Tag Archives: winter

Re-charging the batteries at the coast

Clambering over some awesome rocks, revealed by a low tide, on Crackington Haven in north Cornwall on a breezy winter’s day reminded me that time spent at the coast can be a real tonic. For most Brits a trip to the seaside is a summer activity travelling to crowded coastal towns or packed beaches, full of a real buzz.  But going to the seaside out of season can show you the coastline in a new light.

The beach at Hunts Bay

Listening to the waves is a lovely way to feel calm and relaxed

I have always been a massive fan of the UK’s coast. As a kid I spent many a happy hour pottering around Dawlish Warren in Devon and more recently rock pooling with my son and daughter is probably top of my coastal pops (there is something so relaxing and joyful about staring at a small pool of water to find some crabs lurking in the seaweed or small fish swimming at speed to find cover).

A winter trip to the coastline (and we’re never really that far from it) is a must to keep you topped up with fresh air through the shorter days as the arrival of spring can be almost smelt with the blossoming of nature. It’s also somewhere where you can just do nothing in particular, wandering along sandy beaches, collecting shells or sea glass, or staring out to sea. Yes the British climate can make a day at the seaside an interesting one but kiting yourself out with waterproofs and warm cloths prepares you for almost anything.

Cycling along the Camel Trail to Padstow was a real battery charging experience. The light seemed to change every minute as the tide started to flow in the creeks and upstream and the calls of the wading birds created a wonderful soundscape to the pedalling. My daughter’s rosy cheeks summed up the simple joy of cycling by the seaside.

Spending time at the coast is magical and the unpredictably of the weather adds some spice to those days out. Winter time with the low sun and the thought of a wood burning stove in a local pub after a coastal walk is just as good and probably more atmospheric that a day at the coast in the height of summer.


Keeping it wild in winter

Millions of us will be tuning into Winterwatch this week as our TV screens are filled with natural winter treats. There is always a slight misconception that nature shuts down during the shorter days and as the temperature hovers around freezing. Yet there is still plenty to see and do; and its a great time to get planning as we move towards Spring. So in true list style here are five things to keep you occupied on the nature front.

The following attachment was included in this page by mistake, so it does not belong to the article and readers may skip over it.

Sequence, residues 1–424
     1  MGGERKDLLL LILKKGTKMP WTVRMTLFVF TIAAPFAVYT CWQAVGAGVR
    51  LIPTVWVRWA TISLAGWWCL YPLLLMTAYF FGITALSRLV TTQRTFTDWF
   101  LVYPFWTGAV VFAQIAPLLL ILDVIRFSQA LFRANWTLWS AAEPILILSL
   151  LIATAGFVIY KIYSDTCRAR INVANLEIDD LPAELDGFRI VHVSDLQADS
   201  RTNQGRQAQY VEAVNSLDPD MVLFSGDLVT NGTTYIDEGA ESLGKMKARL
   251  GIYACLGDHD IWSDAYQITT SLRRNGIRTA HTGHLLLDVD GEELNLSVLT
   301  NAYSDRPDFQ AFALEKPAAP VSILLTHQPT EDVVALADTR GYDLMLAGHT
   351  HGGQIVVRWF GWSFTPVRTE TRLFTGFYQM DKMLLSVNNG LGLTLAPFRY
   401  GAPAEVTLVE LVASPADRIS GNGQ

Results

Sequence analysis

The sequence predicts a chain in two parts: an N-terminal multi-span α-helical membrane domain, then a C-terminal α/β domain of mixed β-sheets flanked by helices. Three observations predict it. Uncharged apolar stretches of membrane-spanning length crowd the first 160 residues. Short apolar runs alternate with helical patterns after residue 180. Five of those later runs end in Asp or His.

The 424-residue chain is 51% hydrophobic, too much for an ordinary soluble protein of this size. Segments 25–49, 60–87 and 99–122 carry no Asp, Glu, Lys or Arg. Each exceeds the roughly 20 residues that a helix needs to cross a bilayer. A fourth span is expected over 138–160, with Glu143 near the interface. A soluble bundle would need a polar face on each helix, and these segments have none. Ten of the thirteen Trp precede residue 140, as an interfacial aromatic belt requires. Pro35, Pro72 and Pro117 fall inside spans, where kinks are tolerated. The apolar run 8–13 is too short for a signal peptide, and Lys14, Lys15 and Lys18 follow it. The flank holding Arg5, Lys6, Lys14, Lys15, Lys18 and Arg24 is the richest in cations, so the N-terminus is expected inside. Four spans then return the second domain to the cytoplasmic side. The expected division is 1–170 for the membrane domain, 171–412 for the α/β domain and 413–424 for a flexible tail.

1. Visit a local nature reserve. You’re never that far from a natural wonder, where-ever you live. Organisations such as the RSPB, Wildlife Trusts and National Trust have some great places to explore and the winter time is no exception. You’ll see them in a raw state as they start to come alive with the turning of the wild clocks to warmer days. Repeat the visit during the different season and you will develop a special connection.
  2. Read a nature book. In the last decade writing about nature has boomed. And there is a treasure chest of classics that have been re-issued by publishers such as Little Toller. So pop to a local bookshop, library or browse online and pick a book or some poetry to transport you into the magic of nature.
  3. Get volunteering. Green places, such as City Farms, need people to help out. Spending some time helping to make these wonderful places beacons for wildlife is really rewarding and you can get to know some great local charities. There is always plenty to do what-ever the time of year. Or you can taker part in survey’s such as the RSPB Big Garden Watch at the end of January. Many conservation organisations run similar citizen science projects throughout the year.
  4. Watch the birdies. We all know about the wonder that is the Dawn Chorus; a sound that captures the heart and lifts the soul. But the winter can be a fab time to tune into local songbirds, whether the Dawn or Dusk Chorus. And with few leaves on the trees you can actually see them too.
  5. Go for a wander. If you take the time to look you can find nature in many surprising places. Take the time to go for a wander, either from where you live or in to the local countryside. There are plenty of great walking books or plot a route on an OS Map or online. As you walk look, listen and absorb. You’ll spot things that you would have never thought would be there and you’ll get so much out of it.

So if you love Winterwatch (and the BBC Watches more generally) use it as a way to get up off of the sofa and out into the outdoors. You won’t regret it.

Spring is sprung

When I was a kid growing up in Swindon most Saturday’s we took the train to Bath to watch the rugby. As you left Swindon on the right hand side there was a shallow embankment. In the spring time the Daffodils, when in bloom, would spell the phrase: ‘Spring is Sprung’.